The Western Cape’s undisputed position as the market leader has provided consistent double-digit growth for almost a decade but, the playing field has been levelling since 2017 with Lightstone’s June 2020 house price index which reveals significant shifts in the local market place.
With a current growth rate of 4.8% per annum, Mpumalanga currently has the highest house price inflation with the Western Cape coming in at second place at 4.6%. The Northern Cape follows closely with a jump from 2.8% to 4.2% since June 2019.
Claude McKirby, Cape Town Southern Suburbs Co-Principal for Lew Geffen Sotheby’s International Realty says that over and above the impact of increasing political uncertainty, our subdued economy and the onset of a pandemic, the Western Cape’s decline is a result of over-inflated growth in the recent years.
“What this translates to is certainly not all bad news as Cape Town property is now more affordable than it’s been in many years, but it still offers a very decent return at almost double the 2.42% national average”.
“And certain suburbs and sectors are offering an even higher return, especially in the low to mid-value markets like Kenilworth where the median price of apartments has increased by 18.5% from R1.35 million last year to the current median of R1.6 million to date”.
“The sectional title sector in Mowbray is also performing well, increasing by 36.36% from R1.1 million last year to R1.5 million this year and in Newlands where the average median grew by 20.9% from R2.35 million to R2.842 million during the same period.”
He adds that in established mid-market family-orientated suburbs such as Bergvliet and Kirstenhof, house price inflation is above the provincial average, albeit a much more realistic rate than in recent years.
“Bergvliet has seen its median house price grow by 5.56% this year, from R3.505 million to R3.7 million and in Kirstenhof during the same period, by 6.38% from R2.35 million to R2.5 million”.
According to the report, the lower market segments are faring best on a national level too, with an annual growth rate of more than 5% whilst the luxury segment’s inflation rate is below 2% and, with a growth rate in the 4% zone, coastal provinces are also performing better than inland provinces which achieved between 1% and 2%.
The Cape Town Winelands is at the lower to mid-end of the market and it has also been fairly resilient, especially houses priced under R3 million and apartments for under R1million, which are still selling well.
But in several areas, the house market has also performed especially well, despite the economic and pandemic woes.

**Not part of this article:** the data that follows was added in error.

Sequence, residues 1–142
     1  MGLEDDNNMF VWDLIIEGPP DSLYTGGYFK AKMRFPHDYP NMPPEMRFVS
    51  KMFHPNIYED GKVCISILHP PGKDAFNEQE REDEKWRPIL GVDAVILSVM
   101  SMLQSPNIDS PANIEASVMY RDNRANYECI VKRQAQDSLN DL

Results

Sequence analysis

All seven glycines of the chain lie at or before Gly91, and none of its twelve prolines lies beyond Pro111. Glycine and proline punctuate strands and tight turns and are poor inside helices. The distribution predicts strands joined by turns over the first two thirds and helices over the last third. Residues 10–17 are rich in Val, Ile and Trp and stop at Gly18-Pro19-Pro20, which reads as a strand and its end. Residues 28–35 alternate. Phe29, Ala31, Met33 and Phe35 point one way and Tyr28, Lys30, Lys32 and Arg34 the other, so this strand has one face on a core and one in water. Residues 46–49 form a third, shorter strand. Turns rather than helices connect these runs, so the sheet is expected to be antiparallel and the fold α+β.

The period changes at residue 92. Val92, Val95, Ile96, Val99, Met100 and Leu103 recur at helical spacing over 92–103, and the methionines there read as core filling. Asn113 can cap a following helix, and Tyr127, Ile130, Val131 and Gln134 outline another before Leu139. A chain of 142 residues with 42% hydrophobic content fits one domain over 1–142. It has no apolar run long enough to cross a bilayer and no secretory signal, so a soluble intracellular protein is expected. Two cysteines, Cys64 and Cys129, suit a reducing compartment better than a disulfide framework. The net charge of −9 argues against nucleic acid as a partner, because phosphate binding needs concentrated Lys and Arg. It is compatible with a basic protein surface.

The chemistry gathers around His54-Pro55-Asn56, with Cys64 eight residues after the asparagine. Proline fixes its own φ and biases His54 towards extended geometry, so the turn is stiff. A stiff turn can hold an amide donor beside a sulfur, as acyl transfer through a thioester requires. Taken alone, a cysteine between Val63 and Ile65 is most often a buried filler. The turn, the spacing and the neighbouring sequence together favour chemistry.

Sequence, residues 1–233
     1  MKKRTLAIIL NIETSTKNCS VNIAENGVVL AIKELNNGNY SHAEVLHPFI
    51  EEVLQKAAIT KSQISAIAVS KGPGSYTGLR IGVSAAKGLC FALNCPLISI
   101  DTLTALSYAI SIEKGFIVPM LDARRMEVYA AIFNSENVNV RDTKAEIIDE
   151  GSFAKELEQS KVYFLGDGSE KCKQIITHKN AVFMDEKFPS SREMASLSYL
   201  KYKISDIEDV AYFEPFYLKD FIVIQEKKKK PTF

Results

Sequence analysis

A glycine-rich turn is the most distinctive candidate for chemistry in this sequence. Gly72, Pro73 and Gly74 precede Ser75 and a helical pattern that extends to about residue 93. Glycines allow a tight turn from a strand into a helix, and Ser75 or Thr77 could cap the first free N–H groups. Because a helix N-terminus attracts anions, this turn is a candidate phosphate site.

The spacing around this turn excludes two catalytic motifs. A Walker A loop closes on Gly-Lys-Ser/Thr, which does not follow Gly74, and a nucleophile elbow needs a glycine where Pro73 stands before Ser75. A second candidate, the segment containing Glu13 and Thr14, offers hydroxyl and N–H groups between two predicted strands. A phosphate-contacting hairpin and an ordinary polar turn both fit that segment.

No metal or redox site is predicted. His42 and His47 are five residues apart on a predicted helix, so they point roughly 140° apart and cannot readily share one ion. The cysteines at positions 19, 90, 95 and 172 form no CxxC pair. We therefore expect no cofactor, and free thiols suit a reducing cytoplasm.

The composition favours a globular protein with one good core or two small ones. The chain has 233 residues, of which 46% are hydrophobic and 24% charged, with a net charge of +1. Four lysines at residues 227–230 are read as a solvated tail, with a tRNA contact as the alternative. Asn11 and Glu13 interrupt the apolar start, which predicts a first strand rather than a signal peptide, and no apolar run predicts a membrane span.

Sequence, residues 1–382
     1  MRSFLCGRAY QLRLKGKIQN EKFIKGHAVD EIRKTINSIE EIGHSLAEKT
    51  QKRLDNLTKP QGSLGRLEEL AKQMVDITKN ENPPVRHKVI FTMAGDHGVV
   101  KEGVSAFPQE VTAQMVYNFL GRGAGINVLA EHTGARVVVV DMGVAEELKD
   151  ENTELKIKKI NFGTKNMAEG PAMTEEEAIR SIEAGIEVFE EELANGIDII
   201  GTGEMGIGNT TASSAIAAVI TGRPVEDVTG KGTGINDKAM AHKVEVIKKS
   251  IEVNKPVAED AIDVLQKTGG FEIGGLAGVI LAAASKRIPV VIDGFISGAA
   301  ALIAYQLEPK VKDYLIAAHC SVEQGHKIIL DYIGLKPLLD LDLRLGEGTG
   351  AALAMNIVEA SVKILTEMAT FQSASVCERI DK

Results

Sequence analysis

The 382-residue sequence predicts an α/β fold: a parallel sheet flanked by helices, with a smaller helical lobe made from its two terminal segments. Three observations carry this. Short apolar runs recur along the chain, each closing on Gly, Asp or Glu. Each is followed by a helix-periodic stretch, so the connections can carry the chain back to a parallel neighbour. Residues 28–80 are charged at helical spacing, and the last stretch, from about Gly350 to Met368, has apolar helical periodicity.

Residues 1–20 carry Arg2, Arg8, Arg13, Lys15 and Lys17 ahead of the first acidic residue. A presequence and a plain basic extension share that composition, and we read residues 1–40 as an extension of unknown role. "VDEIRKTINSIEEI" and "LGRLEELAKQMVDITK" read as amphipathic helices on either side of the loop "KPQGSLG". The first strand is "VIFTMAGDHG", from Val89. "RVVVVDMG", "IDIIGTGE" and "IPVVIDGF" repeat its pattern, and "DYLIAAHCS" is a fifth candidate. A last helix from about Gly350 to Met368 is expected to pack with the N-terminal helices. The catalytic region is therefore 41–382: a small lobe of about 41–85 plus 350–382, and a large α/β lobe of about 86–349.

“In Simonswyk to the east of the town centre, the median house price has continued to rise steadily,” says Chris Cilliers, CEO and Co-Principal of the groups Winelands office, “from R2.525 million in 2018, to R2.65 million in 2019 and again by 38.67% to R3.675 million this year despite economic and pandemic woes.”
“As the most affordable suburb within walking distance of extremely popular schools, it has been attracting considerable interest in recent years”.
“Paradyskloof has also remained consistent, increasing from R3.775 to R3.95 million last year and again by 6.32% to R4.2 million this year whilst in Onder Papegaaiberg, after dipping from R2.8 million in 2018 to R2.66 million in 2019, the average median price jumped by 12.78% to R3 million this year.”
Cilliers adds that there has also been encouraging buyer interest in luxury homes in recent months, with some properties even selling at full asking price, although generally prices have been adjusted to meet market conditions and many investors have benefitted from significant price reductions.
“There are a number of serious sellers at the top end of the market at the moment, especially those who have been wanting to sell their homes from the beginning of the year and already had confirmed emigration or semigration dates.”
McKirby concludes: “The market is under unprecedented pressure as the modern world has never had to contend with a global pandemic of this scale which has unleashed a flood of new uncertainties”.
“But with interest rates hitting historic lows and buyers spoilt for choice with plenty of deals to be had, right now property is definitely one of the most stable investments one can make, especially when compared to a very volatile global stock market”.
“The real estate market always works in cycles with upswings followed by downturns, regardless of the prevailing economy or political sentiment”.
“And those who take the plunge during a downturn not only obtain a property they may not normally able to afford, it’s also a rewarding investment when the market turns again.”